Without doubt, part of the reason why the army has not been able to overpower Boko Haram in parts of the north must be attributed to lack of modern weapons, limited resources and low strength of will by soldiers to execute the war with professional diligence. Added to these must be conspiracy within the armed forces, particularly the traitors who provide the enemy with vital information, intelligence, finance, and moral support.
If Boko Haram militants have survived the onslaught of professional soldiers pursuing them in the forests, it must be because of the activities of collaborators within the army and some politicians. These are people who conspired against their fatherland to assist Boko Haram whose members they perceive as their brothers by virtue of the fact of their close religious ties, regional affiliation, and shared political ideology. The question to ask is whether these affiliations are stronger than loyalty to one’s country.
Insiders within the army who provide Boko Haram with vital information and finances that have sustained the organisation are the greatest obstacle in the government’s efforts to detect and destroy the Boko Haram castle. Let’s get this point clear: Boko Haram is not invincible. What makes them appear unbeatable is the tip-off they receive ahead of major military operations directed against them. They also have the ability to recruit members from a large pool of disconnected and impoverished youth inside and outside the country.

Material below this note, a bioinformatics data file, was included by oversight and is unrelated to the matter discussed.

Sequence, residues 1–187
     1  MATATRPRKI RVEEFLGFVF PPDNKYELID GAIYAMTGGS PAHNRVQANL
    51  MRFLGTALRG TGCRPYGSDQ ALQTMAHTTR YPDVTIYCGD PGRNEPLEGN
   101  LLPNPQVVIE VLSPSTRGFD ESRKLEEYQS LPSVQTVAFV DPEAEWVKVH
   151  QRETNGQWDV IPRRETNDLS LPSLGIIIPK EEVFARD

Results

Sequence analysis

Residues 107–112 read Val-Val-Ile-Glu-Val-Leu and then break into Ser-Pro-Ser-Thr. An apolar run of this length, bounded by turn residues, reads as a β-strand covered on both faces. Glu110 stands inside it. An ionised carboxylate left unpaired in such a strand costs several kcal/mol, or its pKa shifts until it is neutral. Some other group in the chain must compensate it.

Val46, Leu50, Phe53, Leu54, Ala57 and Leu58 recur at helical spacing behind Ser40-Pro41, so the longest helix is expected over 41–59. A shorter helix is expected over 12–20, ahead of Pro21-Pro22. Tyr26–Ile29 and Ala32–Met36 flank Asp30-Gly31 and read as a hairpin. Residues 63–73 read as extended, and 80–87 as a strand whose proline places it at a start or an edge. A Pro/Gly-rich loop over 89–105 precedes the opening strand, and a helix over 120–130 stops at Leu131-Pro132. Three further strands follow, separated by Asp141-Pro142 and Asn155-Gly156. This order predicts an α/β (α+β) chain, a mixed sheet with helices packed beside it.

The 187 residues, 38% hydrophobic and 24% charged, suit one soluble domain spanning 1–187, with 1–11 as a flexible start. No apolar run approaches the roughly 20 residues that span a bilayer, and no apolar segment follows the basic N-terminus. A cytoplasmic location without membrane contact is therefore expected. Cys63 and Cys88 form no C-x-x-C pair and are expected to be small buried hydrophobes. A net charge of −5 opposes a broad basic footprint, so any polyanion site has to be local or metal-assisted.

Against this background, it is logical to see why Boko Haram will not be defeated easily. Whether the government launches a total war or limited warfare against Boko Haram, it will be difficult to dismantle a violent organisation whose members have gained access to various arms of government. What is paramount now in the campaign to take ownership of our country from insurgents is for the government to address the critical issues that have contributed to poor performance by soldiers in the war front.
In warfare, the morale of soldiers is a forerunner to achievement of victory. When the self-confidence of soldiers is low, when troops lack esprit de corps, that feeling of pride in belonging to the federal troops, you cannot expect them to conquer the enemy. To win the war, you must keep your troops happy, satisfied, well equipped, and make them to see the higher goal of putting their lives on the line in defence of their fatherland.